How to create a successful team
When hiring, we look for employees whose experience and skills will elevate our organization. And even outside the business world – like in sports – leaders are willing to spend big bucks to get the best.
But talent isn't the only thing that equals success. Each of us have unique personalities and characteristics that influence the way we interact with others.
An article on Kellogg Insight – from Northwestern University's Kellogg School of Management – examines research that sought to determine which matters more: talent or teamwork. While the researchers analyzed the success of sports teams, those findings are easily translated to business. Because in the end, we're all pushing ourselves and our organizations to "win."
The researchers determined that talent is a big component of success. You need strong employees that have the knowledge, skills and motivation to win. But an individual's success can't buoy your entire organization. That's where the ability to work with others comes into play.
I recently wrote about the importance of workplace culture to ensure employees are fulfilled, and a talented person with a bad attitude or poor interpersonal skills can derail a team. It's important to consider personal traits, in addition to skill, when hiring.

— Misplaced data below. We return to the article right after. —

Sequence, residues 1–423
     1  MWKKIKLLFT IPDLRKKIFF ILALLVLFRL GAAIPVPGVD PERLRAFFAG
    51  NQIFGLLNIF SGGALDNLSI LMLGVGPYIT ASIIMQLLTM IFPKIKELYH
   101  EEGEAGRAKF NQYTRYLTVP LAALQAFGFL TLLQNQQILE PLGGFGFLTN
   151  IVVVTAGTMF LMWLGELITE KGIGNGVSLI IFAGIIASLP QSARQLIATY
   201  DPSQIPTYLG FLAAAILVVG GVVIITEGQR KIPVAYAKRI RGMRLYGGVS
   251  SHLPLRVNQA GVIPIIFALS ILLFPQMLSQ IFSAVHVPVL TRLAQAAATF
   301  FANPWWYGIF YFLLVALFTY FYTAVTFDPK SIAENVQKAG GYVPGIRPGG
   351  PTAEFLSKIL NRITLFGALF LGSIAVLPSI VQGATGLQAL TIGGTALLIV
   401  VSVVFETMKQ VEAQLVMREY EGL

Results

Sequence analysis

Another component the researchers looked at was previous success of working with existing teammates. As with any relationship, when you've been around someone for an extended period of time you learn their strengths and weaknesses. This familiarity makes it easier to build off one another's assets in addition to knowing where to step up. But, the researchers warn, this can lead teams to "develop new types of blind spots."
Leadership is full of challenges, and hiring is no exception. While building a successful team might not be straightforward, this research offers a number of considerations to help. To me, it makes clear that hiring motivated individuals who are willing to work hard and share success is key.
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